- Search and data sharing — There needs to be a mechanism for public and authorized data to be exposed in a way that is accessible by third parties. In a distributed environment, there needs to be a way for external services to provide value to data distributed across multiple domains. This will allow search engines to index content across the network as well as foster innovation in new ways of using social data.
- Applications — We can’t invent all capabilities possible in a social network alone, so there must be an easy way for application developers to create new capabilities and applications that are integrated with the social network.
- Embeddable in the Web — You should just as easily be able like/share content from around the web on Facebook/etc by embedding social widgets on any website. There are some cross domain issues here, but it is a necessary feature.
- Export and Transfer Data — You must own your data. For for that you must be able to export your data, save it locally, and transfer it between domains.
There are many more important features, but those I believe are the most important.
Challenges In Creating New Social Network
There are a lot of challenges and obstacles to overcome in not only building a new social network but in building an open and decentralized social network. The biggest challenge is actually getting people to use it. Someone can create the best social network in the universe with the best and most features, but if your friends aren’t using it or you can’t find new friends on it, then you have no incentive to participate. There has to be activity. There has to be people using it so there is interesting content to see and so that you know people are going to see content you create. Creating a new social network is risky, but perhaps between a grassroots effort or big players getting involved it may take off. A new open social network may be able to succeed when a new closed social network would not.
Another major challenge will be around security, privacy, and spam. These are critical issues to address and are among the most important to users. Being an open source project is a double edged sword here. On one side, security vulnerabilities are easier for the community to find and fix before they are exploited than closed systems. On the other side, an open source-based system is much more well documented which helps attackers find exploits. The net effect, however, is that an open source project can be more secure. One thing that people need to realize is that an open and distributed social network is very much like email with regards to security, privacy and spam. The good thing is that for email they are at acceptable levels for most users. So I believe these issues can be addressed, although they will take significant effort.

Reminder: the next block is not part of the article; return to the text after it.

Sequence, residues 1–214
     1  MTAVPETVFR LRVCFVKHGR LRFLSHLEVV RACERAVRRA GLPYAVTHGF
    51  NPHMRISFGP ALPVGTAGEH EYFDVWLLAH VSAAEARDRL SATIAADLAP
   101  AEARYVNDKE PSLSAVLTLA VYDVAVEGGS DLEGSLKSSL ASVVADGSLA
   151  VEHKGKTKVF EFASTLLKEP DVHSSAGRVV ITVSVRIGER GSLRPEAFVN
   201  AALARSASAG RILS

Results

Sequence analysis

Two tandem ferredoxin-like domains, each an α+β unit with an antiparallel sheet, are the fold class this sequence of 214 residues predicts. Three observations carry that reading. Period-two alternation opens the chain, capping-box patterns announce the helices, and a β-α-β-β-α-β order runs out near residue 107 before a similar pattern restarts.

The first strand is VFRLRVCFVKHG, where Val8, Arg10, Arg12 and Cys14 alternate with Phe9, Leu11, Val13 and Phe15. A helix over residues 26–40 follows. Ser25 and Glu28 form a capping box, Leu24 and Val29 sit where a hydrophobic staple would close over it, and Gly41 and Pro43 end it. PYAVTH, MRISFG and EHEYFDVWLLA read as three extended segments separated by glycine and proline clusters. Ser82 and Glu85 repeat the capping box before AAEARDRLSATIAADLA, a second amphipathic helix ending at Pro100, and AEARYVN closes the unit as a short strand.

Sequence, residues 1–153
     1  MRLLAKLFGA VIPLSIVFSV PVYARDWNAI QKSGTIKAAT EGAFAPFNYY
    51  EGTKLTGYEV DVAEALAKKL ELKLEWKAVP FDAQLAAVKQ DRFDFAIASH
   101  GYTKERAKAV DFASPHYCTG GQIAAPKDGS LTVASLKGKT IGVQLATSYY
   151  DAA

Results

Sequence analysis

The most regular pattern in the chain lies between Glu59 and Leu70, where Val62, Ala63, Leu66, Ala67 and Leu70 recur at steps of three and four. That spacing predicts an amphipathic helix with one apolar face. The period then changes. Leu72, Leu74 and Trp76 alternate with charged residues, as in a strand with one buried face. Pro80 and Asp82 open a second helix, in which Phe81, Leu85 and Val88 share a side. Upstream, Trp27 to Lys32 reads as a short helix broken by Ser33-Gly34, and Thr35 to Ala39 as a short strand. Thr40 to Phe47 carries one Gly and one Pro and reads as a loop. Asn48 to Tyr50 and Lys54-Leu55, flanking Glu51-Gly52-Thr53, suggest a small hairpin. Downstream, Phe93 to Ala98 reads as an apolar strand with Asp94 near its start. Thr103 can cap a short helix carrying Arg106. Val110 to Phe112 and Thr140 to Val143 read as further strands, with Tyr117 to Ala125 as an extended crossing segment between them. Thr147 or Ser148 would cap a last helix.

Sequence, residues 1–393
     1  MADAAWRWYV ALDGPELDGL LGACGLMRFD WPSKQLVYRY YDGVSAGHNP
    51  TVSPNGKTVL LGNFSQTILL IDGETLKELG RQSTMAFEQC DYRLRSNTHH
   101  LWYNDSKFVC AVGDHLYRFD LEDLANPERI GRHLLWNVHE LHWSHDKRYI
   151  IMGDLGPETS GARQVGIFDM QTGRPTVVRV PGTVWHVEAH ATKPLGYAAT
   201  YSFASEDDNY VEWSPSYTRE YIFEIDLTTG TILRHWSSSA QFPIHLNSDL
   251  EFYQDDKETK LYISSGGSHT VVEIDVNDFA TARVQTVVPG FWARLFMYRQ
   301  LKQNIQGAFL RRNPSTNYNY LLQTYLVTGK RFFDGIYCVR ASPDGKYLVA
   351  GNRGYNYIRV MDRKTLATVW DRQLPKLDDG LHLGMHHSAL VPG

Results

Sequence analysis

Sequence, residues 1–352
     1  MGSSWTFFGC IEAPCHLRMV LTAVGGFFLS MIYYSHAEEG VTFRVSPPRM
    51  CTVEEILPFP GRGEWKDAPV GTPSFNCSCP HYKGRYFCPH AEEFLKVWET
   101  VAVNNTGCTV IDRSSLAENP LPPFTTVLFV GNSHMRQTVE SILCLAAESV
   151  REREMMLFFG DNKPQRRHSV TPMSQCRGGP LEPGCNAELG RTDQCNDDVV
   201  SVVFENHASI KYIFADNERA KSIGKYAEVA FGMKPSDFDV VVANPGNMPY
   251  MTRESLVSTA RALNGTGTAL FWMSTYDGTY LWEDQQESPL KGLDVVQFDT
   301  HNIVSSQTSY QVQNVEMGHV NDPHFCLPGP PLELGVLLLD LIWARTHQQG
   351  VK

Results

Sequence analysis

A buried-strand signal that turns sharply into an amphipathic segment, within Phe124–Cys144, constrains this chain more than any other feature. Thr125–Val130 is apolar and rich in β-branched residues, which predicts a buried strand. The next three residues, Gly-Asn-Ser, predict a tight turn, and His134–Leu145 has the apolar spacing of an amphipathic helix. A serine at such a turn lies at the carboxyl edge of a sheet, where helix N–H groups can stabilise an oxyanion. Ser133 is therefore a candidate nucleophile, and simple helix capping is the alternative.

To address these issues and to build a project that succeeds, here are a few ideas that will be helpful:
- Start with designing the protocol specification.
- Provide reference implementation as open source project. This will help test and validate the protocol specification as well as provide at least a starting point for people to use the service and run their own server.
- Use SSL to protect data between domains and shared-key message digests to validate message contents and authenticity for users. Encrypt personal data stored on disk.
- Ability to integrate with other social networks that don’t follow same protocol. Whether we like it or not, people will still want to use other social networks. A new social network couldn’t survive without integrating with others like Twitter, Facebook, and Google+.
- Build for scalability. While there may initially only be a few users and it may never grow beyond that, if the network does grow the platform must be able to handle it. If it can’t handle growing traffic, it may miss its only opportunity to be accepted by and used by a widespread audience.
- Decouple back-end (core service) from front-end (user interface) to make it easy for administrators to customize the user experience. Building custom front-ends may be more important to more people than we realize and this will help foster front-end innovation.